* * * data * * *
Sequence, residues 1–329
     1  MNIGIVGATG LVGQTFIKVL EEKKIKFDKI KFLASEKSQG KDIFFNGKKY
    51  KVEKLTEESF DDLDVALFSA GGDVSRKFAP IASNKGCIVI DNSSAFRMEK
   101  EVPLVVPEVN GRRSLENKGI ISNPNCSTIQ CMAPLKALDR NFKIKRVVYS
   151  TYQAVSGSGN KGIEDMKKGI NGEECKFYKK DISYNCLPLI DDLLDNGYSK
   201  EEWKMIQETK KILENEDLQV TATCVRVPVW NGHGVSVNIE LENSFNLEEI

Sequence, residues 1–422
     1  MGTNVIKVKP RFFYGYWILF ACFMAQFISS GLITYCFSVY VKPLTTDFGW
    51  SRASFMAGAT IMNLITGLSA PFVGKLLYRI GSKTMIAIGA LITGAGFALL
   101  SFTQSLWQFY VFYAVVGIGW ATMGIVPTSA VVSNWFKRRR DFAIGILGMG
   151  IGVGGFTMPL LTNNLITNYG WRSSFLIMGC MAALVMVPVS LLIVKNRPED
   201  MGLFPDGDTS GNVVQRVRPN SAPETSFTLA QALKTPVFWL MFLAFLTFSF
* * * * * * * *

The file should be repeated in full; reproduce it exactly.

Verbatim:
Sequence, residues 1–329
     1  MNIGIVGATG LVGQTFIKVL EEKKIKFDKI KFLASEKSQG KDIFFNGKKY
    51  KVEKLTEESF DDLDVALFSA GGDVSRKFAP IASNKGCIVI DNSSAFRMEK
   101  EVPLVVPEVN GRRSLENKGI ISNPNCSTIQ CMAPLKALDR NFKIKRVVYS
   151  TYQAVSGSGN KGIEDMKKGI NGEECKFYKK DISYNCLPLI DDLLDNGYSK
   201  EEWKMIQETK KILENEDLQV TATCVRVPVW NGHGVSVNIE LENSFNLEEI

Sequence, residues 1–422
     1  MGTNVIKVKP RFFYGYWILF ACFMAQFISS GLITYCFSVY VKPLTTDFGW
    51  SRASFMAGAT IMNLITGLSA PFVGKLLYRI GSKTMIAIGA LITGAGFALL
   101  SFTQSLWQFY VFYAVVGIGW ATMGIVPTSA VVSNWFKRRR DFAIGILGMG
   151  IGVGGFTMPL LTNNLITNYG WRSSFLIMGC MAALVMVPVS LLIVKNRPED
   201  MGLFPDGDTS GNVVQRVRPN SAPETSFTLA QALKTPVFWL MFLAFLTFSF